“Dr. Paul cured my apathy”: Ron Paul’s libertarian discourse
Goad, Rhiannon Jade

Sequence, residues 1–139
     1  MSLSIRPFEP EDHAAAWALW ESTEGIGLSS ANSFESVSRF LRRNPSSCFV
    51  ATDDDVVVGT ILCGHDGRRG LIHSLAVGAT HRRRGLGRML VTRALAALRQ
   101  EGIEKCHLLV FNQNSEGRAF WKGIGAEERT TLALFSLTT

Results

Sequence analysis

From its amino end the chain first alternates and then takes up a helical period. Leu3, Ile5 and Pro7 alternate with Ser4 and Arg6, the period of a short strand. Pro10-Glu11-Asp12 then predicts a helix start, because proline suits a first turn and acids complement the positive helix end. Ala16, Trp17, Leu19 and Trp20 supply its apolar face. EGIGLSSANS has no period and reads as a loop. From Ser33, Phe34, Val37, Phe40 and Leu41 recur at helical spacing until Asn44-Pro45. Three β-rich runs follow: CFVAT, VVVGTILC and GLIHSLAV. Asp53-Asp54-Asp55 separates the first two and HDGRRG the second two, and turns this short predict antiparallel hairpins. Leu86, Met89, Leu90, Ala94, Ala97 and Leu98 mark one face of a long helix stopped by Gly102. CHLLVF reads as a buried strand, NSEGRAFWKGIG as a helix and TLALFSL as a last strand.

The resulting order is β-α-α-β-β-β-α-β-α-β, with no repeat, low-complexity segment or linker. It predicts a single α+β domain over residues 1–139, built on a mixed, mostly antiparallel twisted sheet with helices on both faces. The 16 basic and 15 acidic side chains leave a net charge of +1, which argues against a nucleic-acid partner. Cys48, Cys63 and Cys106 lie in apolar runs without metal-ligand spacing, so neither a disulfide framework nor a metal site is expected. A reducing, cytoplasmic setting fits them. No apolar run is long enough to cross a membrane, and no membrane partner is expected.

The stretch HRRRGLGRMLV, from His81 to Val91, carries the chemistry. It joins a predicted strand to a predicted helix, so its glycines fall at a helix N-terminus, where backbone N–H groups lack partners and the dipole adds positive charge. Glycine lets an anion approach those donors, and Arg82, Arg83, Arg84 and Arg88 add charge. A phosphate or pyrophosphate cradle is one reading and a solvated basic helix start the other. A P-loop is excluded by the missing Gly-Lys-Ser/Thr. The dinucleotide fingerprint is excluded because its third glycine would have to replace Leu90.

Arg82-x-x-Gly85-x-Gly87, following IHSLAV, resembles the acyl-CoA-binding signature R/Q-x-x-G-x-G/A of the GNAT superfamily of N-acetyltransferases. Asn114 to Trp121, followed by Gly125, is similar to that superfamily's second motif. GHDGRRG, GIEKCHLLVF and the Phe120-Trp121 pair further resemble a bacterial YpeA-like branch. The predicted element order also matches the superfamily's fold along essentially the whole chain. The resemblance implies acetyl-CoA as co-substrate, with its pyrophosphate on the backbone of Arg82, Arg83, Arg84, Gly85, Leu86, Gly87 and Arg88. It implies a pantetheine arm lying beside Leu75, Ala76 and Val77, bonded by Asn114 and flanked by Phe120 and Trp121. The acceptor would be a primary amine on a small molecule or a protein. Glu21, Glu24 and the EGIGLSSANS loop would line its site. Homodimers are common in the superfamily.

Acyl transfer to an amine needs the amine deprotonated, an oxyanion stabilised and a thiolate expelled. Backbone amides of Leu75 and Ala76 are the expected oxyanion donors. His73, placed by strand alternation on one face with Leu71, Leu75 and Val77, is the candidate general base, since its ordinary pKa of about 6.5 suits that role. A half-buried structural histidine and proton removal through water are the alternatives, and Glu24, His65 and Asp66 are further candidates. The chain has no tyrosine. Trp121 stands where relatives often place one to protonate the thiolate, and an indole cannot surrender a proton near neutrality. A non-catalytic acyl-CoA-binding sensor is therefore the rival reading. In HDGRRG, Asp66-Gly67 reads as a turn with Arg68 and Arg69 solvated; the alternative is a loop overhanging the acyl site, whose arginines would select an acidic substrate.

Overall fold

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During the 2008 and 2012 presidential elections, many young white men found a political hero in the 77-year-old Republican Congressman from Texas, whose rallies often center on obscure, technical arguments concerning the Federal Reserve. It is because of the grassroots support of the young white men who adore him that Ron Paul has become a major figure in today’s political scene. What attracts young white men to Ron Paul? This paper explores the history and discourse of Libertarianism to better understand the political subjectivity and identity of Ron Paul supporters. In Chapter 2, I historically contextualize Paul’s libertarian discourse. I argue that the discourse of libertarianism is characterized by claims to an apolitical, ahistorical past in which Libertarian rhetoric naturalizes discourses of free market capitalism, “classical” liberalism, and “authentic” Americanism. In Chapter 3, I shift focus to Ron Paul’s career and policy positions and argue that Paul’s Libertarian discourse naturalizes existing hierarchies of race, class, and gender. In Chapter 4, I explain the interview methodology used for this project. Finally, in Chapters 5 and 6, I explore how libertarian discourse is (re)produced or disrupted through the personal political discourse of Ron Paul supporters.